Pick 5-10 professionals who have succeeded in your area of performance art and look up their education history. This exercise will give you good insights into which education pathways prepare you for success in your field.

 

Top 10 Performing Arts Schools

 

Keep in mind that our list of top schools for performing arts may be different from yours. We used the selection criteria listed above: Program Rigor, Connectedness, Financial Prospects, and Prestige. However, if you have some other priority for personal reasons, such as staying close to home or pursuing a sport in tandem with your art, your Top 10 schools may look different from ours.

 

With all that in mind, we are proud to present our list of the top ten schools for the performing arts in the U.S.

 

10. University of North Carolina School of the Arts

Location: Winston-Salem, NC

Enrollment: 1,042

Acceptance Rate: 37% (2018)

 

Students focus on Dance, Design & Production, Drama, Filmmaking, or Music. This conservatory experience is also designed to give you an academic foundation in core academic subjects, including Math, English, Science, and History. While academics are not as emphasized as they would be at a liberal arts program, this is a stronger foundation than many performing arts majors receive.

 

The median starting salary for alumni is $48,300. UNCSA also has a solid 20-year return on their investment at $135,000. That means most students have paid off their student loans and are earning a steady income twenty years after graduating. The school is far from the major city centers that lead the dance, music, theatre, and film industries, so a school more centrally located in New York or Los Angeles may be a better fit for you. That said, Winston-Salem is a two-hour drive from both Charlotte and Durham, cities with significant art opportunities in North Carolina. This school is a great pick for students who want to pursue the arts in North Carolina or for students who want a strong academic foundation without signing up for a full-fledged liberal arts program.

 

9. Carnegie Mellon University College of Fine Arts

Location: Pittsburgh, PA

Undergraduate Enrollment: 6,947

Acceptance Rate: 3-21% depending on your performing arts field. (2019)

 

Most people think of science and technology when they hear the name, Carnegie Mellon, but did you know that there is an entire College of Fine Arts with faculty, courses, and facilities dedicated to helping you hone your craft? Peter Burr, Judith Light, and Leslie Odom Jr. are all graduates of Carnegie Mellon.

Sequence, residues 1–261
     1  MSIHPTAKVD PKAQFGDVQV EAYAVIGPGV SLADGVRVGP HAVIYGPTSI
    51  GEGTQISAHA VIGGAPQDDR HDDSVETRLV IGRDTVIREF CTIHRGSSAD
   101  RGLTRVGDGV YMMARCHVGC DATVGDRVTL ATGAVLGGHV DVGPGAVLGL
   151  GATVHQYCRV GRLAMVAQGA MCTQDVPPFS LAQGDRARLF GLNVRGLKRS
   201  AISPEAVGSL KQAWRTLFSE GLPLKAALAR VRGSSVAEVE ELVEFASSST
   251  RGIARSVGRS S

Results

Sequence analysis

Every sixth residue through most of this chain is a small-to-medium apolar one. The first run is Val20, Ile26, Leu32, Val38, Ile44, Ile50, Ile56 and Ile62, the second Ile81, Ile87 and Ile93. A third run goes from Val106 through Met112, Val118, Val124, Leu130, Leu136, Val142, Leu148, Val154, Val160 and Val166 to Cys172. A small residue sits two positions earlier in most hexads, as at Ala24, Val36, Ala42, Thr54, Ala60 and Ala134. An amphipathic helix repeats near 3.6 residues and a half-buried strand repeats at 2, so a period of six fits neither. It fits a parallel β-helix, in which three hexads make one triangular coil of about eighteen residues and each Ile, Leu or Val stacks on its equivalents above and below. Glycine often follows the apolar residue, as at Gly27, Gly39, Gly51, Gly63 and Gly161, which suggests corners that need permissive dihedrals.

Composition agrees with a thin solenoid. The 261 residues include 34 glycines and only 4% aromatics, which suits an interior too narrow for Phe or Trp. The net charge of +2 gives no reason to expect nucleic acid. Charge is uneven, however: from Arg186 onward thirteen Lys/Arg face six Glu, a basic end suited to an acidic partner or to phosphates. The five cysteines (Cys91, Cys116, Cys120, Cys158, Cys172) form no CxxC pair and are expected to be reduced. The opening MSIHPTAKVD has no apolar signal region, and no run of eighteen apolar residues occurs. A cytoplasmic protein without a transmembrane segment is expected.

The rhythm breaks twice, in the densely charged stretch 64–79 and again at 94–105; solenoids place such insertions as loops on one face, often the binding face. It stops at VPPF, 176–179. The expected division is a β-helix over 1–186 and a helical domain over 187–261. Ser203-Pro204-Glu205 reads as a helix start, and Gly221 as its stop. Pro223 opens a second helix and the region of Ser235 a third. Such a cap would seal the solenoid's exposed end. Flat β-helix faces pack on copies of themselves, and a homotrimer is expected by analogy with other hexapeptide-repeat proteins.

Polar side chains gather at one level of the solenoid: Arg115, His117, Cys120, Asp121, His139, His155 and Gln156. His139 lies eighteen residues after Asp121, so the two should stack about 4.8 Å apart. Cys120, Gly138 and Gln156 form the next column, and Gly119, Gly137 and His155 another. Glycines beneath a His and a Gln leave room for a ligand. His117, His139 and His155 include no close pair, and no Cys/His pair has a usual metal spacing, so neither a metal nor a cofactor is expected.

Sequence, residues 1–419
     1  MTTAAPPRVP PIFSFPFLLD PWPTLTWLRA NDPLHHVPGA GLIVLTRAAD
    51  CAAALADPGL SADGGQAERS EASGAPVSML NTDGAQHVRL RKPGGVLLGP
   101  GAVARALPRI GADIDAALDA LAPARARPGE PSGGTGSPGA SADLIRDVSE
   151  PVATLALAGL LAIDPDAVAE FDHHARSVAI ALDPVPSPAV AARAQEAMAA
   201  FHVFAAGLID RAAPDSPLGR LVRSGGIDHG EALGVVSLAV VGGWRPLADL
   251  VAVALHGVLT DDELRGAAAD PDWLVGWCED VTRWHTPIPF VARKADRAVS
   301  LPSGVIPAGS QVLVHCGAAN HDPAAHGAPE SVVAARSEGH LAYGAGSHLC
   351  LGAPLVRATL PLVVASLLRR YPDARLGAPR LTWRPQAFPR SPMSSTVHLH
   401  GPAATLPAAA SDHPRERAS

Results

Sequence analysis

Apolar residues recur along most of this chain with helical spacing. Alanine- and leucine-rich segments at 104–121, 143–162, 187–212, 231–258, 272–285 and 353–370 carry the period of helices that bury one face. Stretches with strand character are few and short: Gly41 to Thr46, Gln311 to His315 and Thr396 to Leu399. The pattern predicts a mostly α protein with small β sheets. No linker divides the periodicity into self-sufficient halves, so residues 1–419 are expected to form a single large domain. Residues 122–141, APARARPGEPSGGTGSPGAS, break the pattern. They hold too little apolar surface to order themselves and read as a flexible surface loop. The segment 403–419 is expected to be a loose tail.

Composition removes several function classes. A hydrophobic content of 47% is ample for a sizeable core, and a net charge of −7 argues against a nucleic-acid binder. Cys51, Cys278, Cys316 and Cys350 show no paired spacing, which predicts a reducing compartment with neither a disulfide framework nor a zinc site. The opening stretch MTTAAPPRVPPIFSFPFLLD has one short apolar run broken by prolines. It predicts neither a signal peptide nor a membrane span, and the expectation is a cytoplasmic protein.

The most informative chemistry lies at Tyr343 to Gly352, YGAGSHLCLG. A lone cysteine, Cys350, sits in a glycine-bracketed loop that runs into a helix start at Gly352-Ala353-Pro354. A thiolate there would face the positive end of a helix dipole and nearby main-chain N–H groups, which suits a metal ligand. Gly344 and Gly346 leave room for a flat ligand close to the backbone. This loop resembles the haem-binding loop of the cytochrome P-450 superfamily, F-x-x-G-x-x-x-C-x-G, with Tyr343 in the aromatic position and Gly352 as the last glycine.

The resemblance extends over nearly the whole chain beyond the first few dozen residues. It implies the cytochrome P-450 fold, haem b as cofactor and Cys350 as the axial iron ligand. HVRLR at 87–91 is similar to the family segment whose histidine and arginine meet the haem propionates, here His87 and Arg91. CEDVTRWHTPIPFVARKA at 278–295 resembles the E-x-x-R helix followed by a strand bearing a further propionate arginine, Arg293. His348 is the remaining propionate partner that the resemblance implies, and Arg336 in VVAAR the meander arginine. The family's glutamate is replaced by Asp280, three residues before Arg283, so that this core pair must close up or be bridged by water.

While students at Carnegie Mellon miss out on the auditions and term-time internships offered in major metropolitan areas, they have the great advantage of a strong academic foundation to enhance their performances. Students at Carnegie Mellon also have great job prospects within and outside of their primary field of interest upon graduating. The median starting salary among artistic majors at Carnegie Mellon is a strong $83,061, which suggests that many successfully go on to pursue careers outside of the performing arts industry.

 

8. California Institute of the Arts

Location: Santa Clarita, CA

Enrollment: 979

Acceptance Rate: 24% (2018)

 

CalArts offers one of the most extensive programs of study for performing artists, including Production Management, Aesthetics & Politics, and North Indian Music, to name a few. This artistic pressure-cooker boasts some impressive alumni, including Tim Burton, Sofia Coppola, and Don Chealde. While students have to trek an hour and a half to make it to downtown LA for auditions, the connections you forge on campus are likely to open doors for you upon graduation.

 

CalArts is a great fit for students who are certain they want to remain in performing arts for their entire careers, as it is difficult to find a job outside of the industry with a degree from CalArts. Graduates have a strong 20-year return on their investment of $185,000. Keep in mind that does not mean graduates are making $185,000 per year, but rather that their student loans are paid off and they are earning a steady income.

 

7. University of Chicago

Location: Chicago, IL

Undergraduate Enrollment: 6,552

Acceptance Rate: 6% (2019). No acceptance rate specifically for performing arts is published.

 

The University of Chicago is often referred to as the ultimate school for theoretical studies. However, with easy access to Chicago’s thriving arts scene and an impressive course catalog of applied performing arts, UChicago exceeds expectations with its performing arts offerings. While its course selection does not beat a conservatory setting, you can still develop a great foundation in your craft.

 

One advantage of attending UChicago is the tremendous career opportunities you will have, both in performing arts and in other industries. Consider a double major, such as Economics plus Theater and Performance Studies, to distinguish yourself both as a performer and as someone with marketable skills outside their primary industry.

 

6. Northwestern University

Location: Evanston, IL

Undergraduate Enrollment: 8,231, with roughly 1,100 in the School of Communication

Acceptance Rate: 9% (2019). No acceptance rate specifically for performing arts is published.

 

Everyone knows Northwestern is a strong academic pick, but did you know it also produced the likes of Julia Louis-Dreyfus, Stephen Colbert, and Seth Meyers? At Northwestern, you will receive a traditional liberal arts education matched with a foundation in the theory of your craft. Students in the School of Communication can study theatre, filmmaking, radio, television, dance, and more.